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Intrinsyc's Ja.NET—Extending the Reach of .NET Remoting  : Page 2

Java/.NET communication just got easier. Intrinsyc's Ja.NET tool lets you make remote bi-directional calls between Java and .NET applications, either through HTTP/SOAP or the faster TCP/binary channel. Even in this initial version, you can pass objects both by reference and by value. It's a great start, and with a little work, the next version will be killer.

I started out with the following set of Java classes. Listing 1 shows a factory class (MyFactory) that creates CustomerManager objects (see Listing 2), which manage Customer objects (see Listing 3) each of which may contain an Address class (see Listing 4). These four classes are sufficient to test server-side functionality.

I'm really looking forward to receiving the next version, because the announced features will make Ja.NET a killer application.
Using these classes, you can check the two most important features of .NET Remoting: passing objects by reference, which is implemented as a factory design pattern from within MyFactory, and passing nested object structures by value, implemented by the CustomerManager.GetCustomer() and CustomerManager.StoreCustomer() methods.

After compiling the example you need to take two underdocumented steps.

First, you must generate the .NET proxies that will allow the client to access the remote objects. To do that, switch to a command prompt and start the GenNet proxy generation wizard by running the following command line from the directory where your .class files reside:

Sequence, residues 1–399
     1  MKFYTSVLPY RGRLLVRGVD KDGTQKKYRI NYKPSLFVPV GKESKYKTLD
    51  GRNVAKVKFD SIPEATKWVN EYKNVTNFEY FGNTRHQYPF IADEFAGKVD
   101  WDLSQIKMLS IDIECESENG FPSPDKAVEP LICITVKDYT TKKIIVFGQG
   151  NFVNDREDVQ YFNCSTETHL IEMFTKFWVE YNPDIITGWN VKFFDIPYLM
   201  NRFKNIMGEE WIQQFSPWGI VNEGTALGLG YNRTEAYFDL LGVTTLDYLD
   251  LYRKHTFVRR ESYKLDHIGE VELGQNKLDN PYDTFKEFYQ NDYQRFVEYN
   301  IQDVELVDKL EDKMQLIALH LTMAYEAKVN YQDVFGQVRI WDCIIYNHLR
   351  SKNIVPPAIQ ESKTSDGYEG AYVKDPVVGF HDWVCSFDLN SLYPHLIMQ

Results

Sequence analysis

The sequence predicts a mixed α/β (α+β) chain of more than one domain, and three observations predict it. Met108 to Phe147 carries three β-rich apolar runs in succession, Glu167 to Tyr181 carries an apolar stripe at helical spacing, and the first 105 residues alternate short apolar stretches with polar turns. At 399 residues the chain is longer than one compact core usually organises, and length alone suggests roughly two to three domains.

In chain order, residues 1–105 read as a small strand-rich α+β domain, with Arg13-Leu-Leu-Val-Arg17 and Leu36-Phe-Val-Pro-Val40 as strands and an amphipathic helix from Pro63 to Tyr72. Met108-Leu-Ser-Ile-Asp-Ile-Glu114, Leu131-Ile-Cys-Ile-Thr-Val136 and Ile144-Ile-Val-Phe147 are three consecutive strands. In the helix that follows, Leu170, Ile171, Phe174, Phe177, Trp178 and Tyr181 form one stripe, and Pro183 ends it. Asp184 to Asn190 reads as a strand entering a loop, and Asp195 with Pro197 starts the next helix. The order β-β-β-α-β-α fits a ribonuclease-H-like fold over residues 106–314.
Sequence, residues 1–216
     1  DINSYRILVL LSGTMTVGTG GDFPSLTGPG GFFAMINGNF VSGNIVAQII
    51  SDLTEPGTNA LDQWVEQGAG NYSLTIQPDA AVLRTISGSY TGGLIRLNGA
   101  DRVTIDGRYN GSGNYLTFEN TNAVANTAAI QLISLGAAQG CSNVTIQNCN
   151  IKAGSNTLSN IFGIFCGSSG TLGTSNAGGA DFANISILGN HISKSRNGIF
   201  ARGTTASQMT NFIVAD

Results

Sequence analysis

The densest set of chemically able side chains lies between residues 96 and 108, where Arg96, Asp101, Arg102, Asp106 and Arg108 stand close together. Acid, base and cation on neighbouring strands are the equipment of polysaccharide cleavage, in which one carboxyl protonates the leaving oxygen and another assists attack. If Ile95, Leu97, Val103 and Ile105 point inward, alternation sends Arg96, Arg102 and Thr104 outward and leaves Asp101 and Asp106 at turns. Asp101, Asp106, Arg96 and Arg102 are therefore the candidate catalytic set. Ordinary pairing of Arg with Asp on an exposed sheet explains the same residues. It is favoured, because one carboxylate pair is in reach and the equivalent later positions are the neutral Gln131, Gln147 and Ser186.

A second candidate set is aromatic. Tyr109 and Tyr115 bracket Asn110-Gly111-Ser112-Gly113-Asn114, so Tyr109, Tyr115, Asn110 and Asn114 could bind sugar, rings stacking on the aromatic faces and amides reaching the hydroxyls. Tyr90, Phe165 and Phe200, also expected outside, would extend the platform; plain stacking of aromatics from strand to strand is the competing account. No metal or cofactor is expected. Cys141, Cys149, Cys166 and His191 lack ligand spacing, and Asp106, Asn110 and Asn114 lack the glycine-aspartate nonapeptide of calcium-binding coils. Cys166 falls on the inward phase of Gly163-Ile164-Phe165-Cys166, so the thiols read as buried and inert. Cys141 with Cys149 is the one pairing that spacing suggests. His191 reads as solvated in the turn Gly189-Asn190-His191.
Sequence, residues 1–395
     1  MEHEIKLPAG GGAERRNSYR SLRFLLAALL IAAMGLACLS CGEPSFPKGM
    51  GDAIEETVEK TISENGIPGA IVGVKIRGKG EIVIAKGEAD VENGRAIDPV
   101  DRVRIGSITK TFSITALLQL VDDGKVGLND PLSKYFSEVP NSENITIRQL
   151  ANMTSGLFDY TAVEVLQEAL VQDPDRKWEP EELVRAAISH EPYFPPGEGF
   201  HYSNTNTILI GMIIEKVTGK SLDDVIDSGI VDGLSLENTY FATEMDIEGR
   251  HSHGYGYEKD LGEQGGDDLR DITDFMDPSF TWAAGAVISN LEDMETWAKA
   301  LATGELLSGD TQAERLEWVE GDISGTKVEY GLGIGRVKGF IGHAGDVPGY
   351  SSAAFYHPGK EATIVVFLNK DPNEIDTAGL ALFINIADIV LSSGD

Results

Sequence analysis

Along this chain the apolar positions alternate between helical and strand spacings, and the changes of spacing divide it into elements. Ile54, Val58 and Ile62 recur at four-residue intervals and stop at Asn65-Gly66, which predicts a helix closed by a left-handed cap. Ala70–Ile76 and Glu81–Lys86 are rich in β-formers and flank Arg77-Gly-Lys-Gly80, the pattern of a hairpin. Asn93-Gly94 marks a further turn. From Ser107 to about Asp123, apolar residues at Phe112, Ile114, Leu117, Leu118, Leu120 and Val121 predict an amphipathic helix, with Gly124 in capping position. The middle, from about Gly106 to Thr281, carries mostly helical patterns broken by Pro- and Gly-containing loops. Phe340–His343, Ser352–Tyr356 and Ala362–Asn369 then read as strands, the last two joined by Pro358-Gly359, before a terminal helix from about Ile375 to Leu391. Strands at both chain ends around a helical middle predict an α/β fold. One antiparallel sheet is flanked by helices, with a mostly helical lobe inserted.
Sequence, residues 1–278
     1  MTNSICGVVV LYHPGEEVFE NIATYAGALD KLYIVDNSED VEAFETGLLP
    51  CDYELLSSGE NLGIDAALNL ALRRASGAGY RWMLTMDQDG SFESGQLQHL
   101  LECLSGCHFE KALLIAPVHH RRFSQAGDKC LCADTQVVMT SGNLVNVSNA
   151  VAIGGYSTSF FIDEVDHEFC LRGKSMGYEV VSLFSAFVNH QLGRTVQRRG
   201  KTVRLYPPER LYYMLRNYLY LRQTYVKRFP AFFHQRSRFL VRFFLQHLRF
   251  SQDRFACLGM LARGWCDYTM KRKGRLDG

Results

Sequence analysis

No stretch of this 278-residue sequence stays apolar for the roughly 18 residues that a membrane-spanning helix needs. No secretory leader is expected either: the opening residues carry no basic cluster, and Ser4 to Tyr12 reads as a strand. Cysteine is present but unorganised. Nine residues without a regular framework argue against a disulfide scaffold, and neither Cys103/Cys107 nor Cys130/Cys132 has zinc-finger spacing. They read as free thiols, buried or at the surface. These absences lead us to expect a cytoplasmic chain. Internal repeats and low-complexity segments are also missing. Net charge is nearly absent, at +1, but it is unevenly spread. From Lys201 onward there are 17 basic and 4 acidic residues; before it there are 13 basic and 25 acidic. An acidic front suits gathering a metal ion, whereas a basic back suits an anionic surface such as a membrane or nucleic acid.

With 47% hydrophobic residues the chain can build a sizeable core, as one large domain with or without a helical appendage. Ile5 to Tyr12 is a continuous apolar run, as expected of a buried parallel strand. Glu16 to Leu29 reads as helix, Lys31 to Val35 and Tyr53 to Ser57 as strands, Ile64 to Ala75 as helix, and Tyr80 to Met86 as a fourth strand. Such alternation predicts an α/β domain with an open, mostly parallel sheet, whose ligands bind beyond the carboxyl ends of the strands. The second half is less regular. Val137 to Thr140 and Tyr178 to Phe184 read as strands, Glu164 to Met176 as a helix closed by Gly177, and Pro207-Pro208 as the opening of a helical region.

java -classpath c:\janet\lib\gennet.jar;. com.intrinsyc.janet.gennet.GenNetApp

Second, wrapper generation does not occur within a Java process; it occurs in a Windows Service installed during the setup of Ja.NET. You must supply the connection information to the service. The manual contains an incorrect URI; the correct URI is tcp://localhost:8001. After adding the classes for which you want to generate proxies, you must select which classes you want to pass by value (as a copy). For the sample above, these will be Address and Customer.

On the next page of the proxy generation wizard, specify the destination assembly name and path for the .NET proxy assembly. Note that you must specify the .DLL extension for the assembly here! In this example, I used the assembly name FirstDotNetProxies.DLL.

GenNet stores your settings in a file so that you can invoke it with a —nogui parameter. This lets you regenerate the proxies directly from your build environment without going through the wizard each time.

Creating the C# client
After creating the .NET proxy assembly, you need to create a client side application (see Listing 5) to test the process.

This sample first creates a proxy to the remote factory object and acquires a new object reference for a CustomerManager object. It then fetches a populated Customer object, changes it, and passes it back to the server. It's important to note that the behavior of the new operator in .NET changes after the call to RemotingConfiguration.Configure(). Using new no longer creates a reference to a local object, it creates a so called TransparentProxy object instead. The proxy forwards all calls to the remote object.

To make this sample work, you also have to supply a .NET Remoting configuration file (see Listing 6). The configuration file specifies that whenever you create an instance of the class MyFactory using the new operator from the client side assembly FirstDotNetProxies (no .DLL here!), the framework should instead create a proxy to a remote object, located at http://localhost:3456/MyFactory.rem.

You also have to configure Ja.NET. Intrinsyc supplies a tool named Janetor that lets you create and edit Ja.NET configuration files.

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